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Singapore’s non-oil domestic exports showed robust growth in October, signalling an upbeat outlook for fourth-quarter economic growth as the city-state opens up after ditching a zero-coronavirus strategy. 

Exports rose 4.2 per cent in October month-on-month, a faster pace than the previous month’s 1 per cent increase in what analysts described as a strengthening of momentum.

Year-on-year, total trade expanded by 24 per cent in October, extending the 18.6 per cent growth in the preceding month, according to the country’s Department of Statistics.

October’s total exports rose by 22.7 per cent year-on-year, following the previous month’s 18.6 per cent growth, while total imports grew by 25.6 per cent after an 18.7 per cent expansion in September.

Gantry cranes at the Tanjong Pagar Terminal in Singapore
Gantry cranes at the Tanjong Pagar Terminal in Singapore © Ore Huiying/Bloomberg

Trade picked up across the board with petrochemicals, non-domestic exports and re-exports all expanding on the month, data showed. “Momentum . . . strengthened as nominal exports picked up strongly,” said Priyanka Kishore, head of India and south-east Asia economics at Oxford Economics in Singapore.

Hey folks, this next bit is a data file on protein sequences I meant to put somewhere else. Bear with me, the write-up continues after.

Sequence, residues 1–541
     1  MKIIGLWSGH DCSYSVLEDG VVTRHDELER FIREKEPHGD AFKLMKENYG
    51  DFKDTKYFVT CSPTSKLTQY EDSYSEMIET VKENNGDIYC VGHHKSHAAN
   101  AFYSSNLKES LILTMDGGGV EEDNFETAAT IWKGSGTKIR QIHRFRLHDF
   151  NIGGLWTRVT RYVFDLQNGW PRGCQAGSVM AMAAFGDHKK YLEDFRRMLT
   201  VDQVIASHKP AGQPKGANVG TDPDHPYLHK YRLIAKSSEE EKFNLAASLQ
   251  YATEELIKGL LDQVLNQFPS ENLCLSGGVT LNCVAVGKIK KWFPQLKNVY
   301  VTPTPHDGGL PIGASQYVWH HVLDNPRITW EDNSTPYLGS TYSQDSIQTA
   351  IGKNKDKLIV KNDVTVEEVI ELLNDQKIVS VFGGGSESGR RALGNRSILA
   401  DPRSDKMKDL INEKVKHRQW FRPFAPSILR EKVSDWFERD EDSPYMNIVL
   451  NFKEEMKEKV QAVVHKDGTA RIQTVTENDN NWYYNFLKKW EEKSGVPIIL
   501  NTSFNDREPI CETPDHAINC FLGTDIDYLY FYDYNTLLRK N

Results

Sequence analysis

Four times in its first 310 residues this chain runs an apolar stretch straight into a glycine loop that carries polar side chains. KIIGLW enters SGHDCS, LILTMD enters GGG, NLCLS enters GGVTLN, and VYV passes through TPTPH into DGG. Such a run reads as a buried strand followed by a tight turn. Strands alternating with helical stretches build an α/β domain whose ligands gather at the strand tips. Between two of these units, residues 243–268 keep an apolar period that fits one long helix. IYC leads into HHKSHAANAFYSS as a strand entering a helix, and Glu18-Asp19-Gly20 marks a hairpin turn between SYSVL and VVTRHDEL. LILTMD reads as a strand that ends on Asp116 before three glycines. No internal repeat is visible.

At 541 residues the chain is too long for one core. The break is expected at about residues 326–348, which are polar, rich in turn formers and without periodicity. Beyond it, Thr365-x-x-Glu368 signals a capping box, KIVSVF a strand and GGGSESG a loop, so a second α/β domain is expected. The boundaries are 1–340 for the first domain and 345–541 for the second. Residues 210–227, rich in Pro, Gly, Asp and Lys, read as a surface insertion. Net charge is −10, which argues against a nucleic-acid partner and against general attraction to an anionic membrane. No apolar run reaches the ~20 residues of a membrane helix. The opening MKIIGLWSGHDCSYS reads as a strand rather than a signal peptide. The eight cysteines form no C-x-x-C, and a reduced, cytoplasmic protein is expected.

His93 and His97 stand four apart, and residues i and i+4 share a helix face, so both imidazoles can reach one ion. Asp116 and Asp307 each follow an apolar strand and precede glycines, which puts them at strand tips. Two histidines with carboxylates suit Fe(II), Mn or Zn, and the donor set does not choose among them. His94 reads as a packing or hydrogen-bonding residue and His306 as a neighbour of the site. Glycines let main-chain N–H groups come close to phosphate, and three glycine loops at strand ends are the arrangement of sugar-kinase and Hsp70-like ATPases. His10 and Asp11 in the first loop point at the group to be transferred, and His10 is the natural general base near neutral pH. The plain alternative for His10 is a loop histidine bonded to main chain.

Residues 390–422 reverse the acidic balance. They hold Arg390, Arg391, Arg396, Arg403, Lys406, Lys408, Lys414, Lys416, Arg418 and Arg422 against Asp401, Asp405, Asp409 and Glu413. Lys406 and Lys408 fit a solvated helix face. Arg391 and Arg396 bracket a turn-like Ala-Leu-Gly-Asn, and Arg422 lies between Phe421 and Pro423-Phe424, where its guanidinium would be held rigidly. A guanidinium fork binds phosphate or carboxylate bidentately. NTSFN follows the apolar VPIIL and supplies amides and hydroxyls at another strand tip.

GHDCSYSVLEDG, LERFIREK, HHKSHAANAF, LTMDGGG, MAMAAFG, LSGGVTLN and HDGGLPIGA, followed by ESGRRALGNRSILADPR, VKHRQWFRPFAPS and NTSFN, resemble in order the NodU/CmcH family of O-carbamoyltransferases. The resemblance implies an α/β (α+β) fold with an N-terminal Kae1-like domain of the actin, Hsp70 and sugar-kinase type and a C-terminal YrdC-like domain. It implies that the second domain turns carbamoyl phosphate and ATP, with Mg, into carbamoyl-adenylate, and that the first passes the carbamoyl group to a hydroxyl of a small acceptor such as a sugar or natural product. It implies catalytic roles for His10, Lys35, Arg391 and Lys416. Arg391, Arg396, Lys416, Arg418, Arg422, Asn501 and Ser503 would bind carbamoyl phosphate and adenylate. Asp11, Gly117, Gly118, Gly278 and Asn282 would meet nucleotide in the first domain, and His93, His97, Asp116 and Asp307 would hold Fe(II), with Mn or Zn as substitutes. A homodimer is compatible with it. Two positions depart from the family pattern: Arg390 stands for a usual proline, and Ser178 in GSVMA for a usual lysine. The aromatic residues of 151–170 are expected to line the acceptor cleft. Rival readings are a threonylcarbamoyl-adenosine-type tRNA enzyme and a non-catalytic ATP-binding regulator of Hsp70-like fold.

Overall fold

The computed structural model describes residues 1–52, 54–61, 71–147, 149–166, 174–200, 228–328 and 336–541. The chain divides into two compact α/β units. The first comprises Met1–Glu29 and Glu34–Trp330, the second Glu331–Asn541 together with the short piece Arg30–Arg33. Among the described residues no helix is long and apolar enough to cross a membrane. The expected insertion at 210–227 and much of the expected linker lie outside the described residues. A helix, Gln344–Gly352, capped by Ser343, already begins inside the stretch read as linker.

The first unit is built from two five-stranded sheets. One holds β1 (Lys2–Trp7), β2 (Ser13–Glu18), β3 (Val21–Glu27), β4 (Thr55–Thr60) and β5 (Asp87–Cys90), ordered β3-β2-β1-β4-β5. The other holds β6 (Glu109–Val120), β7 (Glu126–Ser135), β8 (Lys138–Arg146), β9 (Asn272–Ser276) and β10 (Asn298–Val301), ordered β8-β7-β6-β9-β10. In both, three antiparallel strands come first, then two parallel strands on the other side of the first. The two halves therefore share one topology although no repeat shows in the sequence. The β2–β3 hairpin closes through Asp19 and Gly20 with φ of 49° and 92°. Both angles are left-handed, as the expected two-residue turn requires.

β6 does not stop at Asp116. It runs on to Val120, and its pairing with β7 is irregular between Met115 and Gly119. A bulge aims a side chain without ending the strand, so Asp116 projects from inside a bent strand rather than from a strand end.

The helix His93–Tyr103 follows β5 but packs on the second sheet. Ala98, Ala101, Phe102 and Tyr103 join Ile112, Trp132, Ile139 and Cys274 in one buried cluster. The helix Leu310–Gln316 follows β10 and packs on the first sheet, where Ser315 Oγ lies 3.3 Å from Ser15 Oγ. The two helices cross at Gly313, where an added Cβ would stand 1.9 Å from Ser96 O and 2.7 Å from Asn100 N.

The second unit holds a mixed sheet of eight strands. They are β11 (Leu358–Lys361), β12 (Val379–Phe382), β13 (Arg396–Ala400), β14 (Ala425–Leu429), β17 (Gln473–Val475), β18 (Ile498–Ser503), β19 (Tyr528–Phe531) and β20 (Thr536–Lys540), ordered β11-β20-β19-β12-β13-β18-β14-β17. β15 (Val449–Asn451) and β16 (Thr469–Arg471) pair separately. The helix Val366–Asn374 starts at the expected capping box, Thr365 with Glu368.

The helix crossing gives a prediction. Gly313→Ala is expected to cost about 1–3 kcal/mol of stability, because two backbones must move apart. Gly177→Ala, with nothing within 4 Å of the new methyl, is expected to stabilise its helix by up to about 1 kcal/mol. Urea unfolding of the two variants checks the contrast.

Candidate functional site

Last month, Singapore relaxed one of the world’s most stringent pandemic regimes, launching quarantine-free travel arrangements with 10 countries after nearly 21 months of closed borders. Vaccinated people will be able to travel freely to and from eight countries including the UK, US, France, Italy, the Netherlands and Canada.

However, analysts said Singapore’s borders remain relatively closed. “We expect service imports to outpace service exports in the near term as domestic restrictions remain tighter than those abroad, especially in the US and Europe, which can lead to more outbound tourists,” Kishore said.

October’s export growth benefited from the low base recorded in 2020 while also getting a boost from petrochemical shipments. “Given the start-stop nature of the global recovery, the year-on-year changes remain volatile and susceptible to further swings in the months ahead,” said Nicholas Mapa, economist at ING in Manila.

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